GOP lawmakers push abortion bill through the Senate, with few amendments

Posted August 25, 2019 04:03:31A bill to allow doctors to perform abortions for women seeking emergency contraception, a critical piece of the GOP’s abortion policy, is moving through the state legislature, but is facing stiff resistance from a group of conservative lawmakers.

The bill, House Bill 2187, would authorize abortions for a woman seeking emergency contraceptive coverage for two weeks and provide for medical records of the woman’s abortion procedure.

It would also allow doctors and hospitals to refuse to provide emergency contraception if they believe the procedure will result in a miscarriage.

The Senate passed the bill on Thursday and sent it to the House, which is considering it as a standalone bill.

However, House Speaker Michael Thrasher said that he would not allow amendments to the bill and that the House will vote on it next week.

“It’s not the right place to begin the process,” Thrashers said.

“We’ve got to get the bill out of the House.”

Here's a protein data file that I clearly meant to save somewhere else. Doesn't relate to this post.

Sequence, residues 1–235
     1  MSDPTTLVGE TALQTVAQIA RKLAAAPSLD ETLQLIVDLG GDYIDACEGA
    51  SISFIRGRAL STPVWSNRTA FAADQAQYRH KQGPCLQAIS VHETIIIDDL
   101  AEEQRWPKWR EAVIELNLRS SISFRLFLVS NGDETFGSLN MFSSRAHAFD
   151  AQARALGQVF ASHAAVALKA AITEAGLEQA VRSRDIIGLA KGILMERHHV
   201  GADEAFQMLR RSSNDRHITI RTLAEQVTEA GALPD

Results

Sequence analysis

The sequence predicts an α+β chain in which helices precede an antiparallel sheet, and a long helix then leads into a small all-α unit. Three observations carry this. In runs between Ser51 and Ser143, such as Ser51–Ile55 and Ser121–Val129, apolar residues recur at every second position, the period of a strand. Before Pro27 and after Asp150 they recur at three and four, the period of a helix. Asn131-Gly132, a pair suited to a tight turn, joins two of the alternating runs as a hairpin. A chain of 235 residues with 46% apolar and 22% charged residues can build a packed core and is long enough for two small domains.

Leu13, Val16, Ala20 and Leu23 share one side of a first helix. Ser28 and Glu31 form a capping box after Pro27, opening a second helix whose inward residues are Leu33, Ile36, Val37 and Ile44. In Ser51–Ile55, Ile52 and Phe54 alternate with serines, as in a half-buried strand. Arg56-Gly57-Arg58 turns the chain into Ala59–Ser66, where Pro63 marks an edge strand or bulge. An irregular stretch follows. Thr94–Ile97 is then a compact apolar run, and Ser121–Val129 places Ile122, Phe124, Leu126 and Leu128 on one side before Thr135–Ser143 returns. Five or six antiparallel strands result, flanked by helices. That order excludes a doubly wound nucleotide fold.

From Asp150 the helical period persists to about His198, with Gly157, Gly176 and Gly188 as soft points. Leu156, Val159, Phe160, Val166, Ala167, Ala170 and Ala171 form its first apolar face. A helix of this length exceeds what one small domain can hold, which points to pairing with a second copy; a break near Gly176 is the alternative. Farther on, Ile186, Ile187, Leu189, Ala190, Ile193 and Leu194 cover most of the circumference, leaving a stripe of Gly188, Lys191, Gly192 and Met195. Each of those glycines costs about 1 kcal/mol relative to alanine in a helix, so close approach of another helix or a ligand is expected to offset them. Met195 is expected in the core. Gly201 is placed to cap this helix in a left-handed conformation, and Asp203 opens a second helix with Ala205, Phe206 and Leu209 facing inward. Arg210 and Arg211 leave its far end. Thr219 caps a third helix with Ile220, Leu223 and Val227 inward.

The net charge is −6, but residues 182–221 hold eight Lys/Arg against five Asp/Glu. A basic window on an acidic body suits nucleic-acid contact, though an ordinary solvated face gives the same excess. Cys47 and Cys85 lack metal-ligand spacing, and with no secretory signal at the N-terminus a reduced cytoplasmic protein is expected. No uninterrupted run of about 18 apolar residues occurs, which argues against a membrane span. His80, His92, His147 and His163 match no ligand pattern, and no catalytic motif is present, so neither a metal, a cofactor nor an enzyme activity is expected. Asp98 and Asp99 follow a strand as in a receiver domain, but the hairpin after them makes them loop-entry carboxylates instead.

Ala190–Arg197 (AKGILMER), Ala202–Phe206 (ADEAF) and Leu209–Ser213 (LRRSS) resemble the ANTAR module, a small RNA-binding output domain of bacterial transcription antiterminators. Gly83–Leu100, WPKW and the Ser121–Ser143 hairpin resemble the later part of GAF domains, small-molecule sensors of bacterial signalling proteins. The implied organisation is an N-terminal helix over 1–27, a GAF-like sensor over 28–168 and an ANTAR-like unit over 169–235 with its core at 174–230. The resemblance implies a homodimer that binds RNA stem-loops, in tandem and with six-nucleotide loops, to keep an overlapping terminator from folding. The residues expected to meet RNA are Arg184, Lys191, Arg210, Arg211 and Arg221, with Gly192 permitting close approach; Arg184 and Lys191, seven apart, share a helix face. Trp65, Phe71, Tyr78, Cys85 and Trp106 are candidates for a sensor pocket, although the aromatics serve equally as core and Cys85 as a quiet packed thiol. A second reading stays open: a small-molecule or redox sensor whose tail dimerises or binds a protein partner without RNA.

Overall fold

House Minority Leader Steve Sweeney (D-Gloucester) said the bill is not a priority for him.

“There’s no urgency.

It’s not a bill that I’m looking for to pass the House,” Sweeney said.

Thrasher told the Boston Globe that he and his Democratic counterpart in the Senate are not in a rush to pass a bill.

“We’ve been in talks for about a month, we’ve got a couple of weeks to get this done,” Thashers said, adding that he was “really optimistic” about the bill.

A spokesman for the governor, Charlie Baker, said that the governor will sign the bill, which would make Massachusetts the 23rd state in the country to allow abortions.

Baker has said he would veto the bill if it reaches his desk.

Senate Majority Leader Jim Martin (D) and House Speaker Susan Collins (R-Maine) have said they will not accept any amendments to any of the Senate’s three bills, and they have yet to make any public statements on the bill they support.

Republicans control the Senate by a vote of 67-32.